Hacking Marconi's Wireless in 1903

A great story:

Yet before the demonstration could begin, the apparatus in the lecture theatre began to tap out a message. At first, it spelled out just one word repeated over and over. Then it changed into a facetious poem accusing Marconi of "diddling the public". Their demonstration had been hacked -- and this was more than 100 years before the mischief playing out on the internet today. Who was the Royal Institution hacker? How did the cheeky messages get there? And why?

Posted on December 29, 2011 at 9:47 AM • 18 Comments

Comments

gascheDecember 29, 2011 10:15 AM

There are two elements that make it a truly excellent story. If you didn't include them to preserve suspense, please feel free to remove my post.

  • The hacker's motivation is to avenge overly broad patents that prevented him from developing his own technology.
  • The hacking instruments are huge and costly; the funding came from a competitor whose business was endangered by this new wireless technology.

RandyDecember 29, 2011 12:05 PM

Good thing the DMCA wasn't in force then.

What Maskelyne did (breaking the security (DRM?)) would be illegal today.

Randy -- hewastheworldsfirstblackhathacker

greyfadeDecember 29, 2011 1:21 PM

I'm with Johnson here: it was surely Tesla. He believed strongly that Marconi stole the ideas for wireless from him. There was even enough evidence of that that the US Supreme Court posthumously awarded priority for Marconi's patents to Tesla in 1943!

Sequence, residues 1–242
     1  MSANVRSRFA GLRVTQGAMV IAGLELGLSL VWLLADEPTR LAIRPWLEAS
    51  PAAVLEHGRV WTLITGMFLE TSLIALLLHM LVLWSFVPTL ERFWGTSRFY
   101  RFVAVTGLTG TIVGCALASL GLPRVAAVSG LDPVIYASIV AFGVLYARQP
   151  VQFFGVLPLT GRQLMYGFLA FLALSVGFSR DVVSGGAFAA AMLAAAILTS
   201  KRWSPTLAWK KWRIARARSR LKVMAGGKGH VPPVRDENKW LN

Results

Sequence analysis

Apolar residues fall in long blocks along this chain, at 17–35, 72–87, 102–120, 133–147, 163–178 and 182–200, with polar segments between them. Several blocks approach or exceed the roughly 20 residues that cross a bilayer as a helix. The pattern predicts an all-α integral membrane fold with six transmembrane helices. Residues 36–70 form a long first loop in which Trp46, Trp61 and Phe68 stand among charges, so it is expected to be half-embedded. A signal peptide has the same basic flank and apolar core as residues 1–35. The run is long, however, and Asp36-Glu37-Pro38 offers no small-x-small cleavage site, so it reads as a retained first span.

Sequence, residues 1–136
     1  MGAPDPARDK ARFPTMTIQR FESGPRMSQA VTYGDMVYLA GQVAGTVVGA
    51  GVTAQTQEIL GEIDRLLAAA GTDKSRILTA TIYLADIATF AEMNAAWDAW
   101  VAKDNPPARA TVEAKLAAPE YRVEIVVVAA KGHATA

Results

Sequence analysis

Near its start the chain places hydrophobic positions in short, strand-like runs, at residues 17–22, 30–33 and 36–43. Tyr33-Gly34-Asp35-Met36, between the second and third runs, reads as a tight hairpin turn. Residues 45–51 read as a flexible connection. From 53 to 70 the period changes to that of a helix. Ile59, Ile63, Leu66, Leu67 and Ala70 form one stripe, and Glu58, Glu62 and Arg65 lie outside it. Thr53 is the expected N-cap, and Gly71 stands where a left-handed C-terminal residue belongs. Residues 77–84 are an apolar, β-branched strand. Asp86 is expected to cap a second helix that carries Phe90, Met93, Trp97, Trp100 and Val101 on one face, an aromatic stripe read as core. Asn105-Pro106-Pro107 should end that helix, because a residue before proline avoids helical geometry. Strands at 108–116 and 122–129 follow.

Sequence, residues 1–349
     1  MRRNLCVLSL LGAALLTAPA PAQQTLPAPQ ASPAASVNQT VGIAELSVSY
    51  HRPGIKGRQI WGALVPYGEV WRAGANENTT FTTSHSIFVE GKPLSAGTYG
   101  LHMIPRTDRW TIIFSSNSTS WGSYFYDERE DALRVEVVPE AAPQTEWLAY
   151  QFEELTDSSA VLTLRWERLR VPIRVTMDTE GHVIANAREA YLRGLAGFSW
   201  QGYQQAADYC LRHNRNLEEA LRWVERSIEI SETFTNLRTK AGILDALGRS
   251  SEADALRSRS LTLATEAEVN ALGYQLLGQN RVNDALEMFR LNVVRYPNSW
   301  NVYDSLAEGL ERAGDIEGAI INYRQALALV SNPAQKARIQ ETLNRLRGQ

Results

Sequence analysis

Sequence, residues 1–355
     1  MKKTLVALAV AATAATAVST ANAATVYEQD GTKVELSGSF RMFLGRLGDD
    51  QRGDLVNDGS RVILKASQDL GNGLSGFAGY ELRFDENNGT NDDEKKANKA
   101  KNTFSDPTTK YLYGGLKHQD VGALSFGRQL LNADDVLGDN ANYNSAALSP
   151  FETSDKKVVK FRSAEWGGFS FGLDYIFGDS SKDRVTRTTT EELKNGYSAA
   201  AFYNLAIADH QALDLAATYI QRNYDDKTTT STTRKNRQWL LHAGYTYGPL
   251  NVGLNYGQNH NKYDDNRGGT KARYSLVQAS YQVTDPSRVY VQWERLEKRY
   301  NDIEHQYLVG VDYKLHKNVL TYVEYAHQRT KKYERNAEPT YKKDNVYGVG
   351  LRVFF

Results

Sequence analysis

jacobDecember 29, 2011 3:12 PM

I always suspected geek hackers have always existed. Probably neaderthals were hacking cave painting and arrowheads...smart asses have always been around. practical jokes too. :)

RogerDecember 29, 2011 4:10 PM

It wasn't Tesla. His technical "wireless wizardry" is much exggerated by his groupies today. In reality he was years behind Marconi (and far less sophisticated technically), and in 1903 he simply wasn't up to this. (And outside the US, the US Supreme Court decision on Marconi's patents is widely regarded as pure jingoism -- and contrary to the usual blurbs of the Teslaphiles, it was not based solely on Tesla's contributions.)

This "hack" was really a brute force attack presented in a tricksy manner, and was only possible because a major commercial competitor was behind it, and put a lot of money into it.

The first demonstrations of radio transmission were made by Heinrich Hertz in the 1880s. In the 1890s, a lot of people had been working on radio phenomema: Oliver Heaviside, Edouard Branly, John Stone, Oliver Lodge, Alexander Popov, Nikola Tesla and of course Guglielmo Marconi -- and no doubt many others. Most of them were concerned with it purely as an interesting new phenomenon. Tesla was primarily interested in it for energy transmission (disastrously for him, as such a thing is possible in principle, but far too grossly inefficient for practical use -- and Tesla should have realised this if his mathematical theory had been stronger.)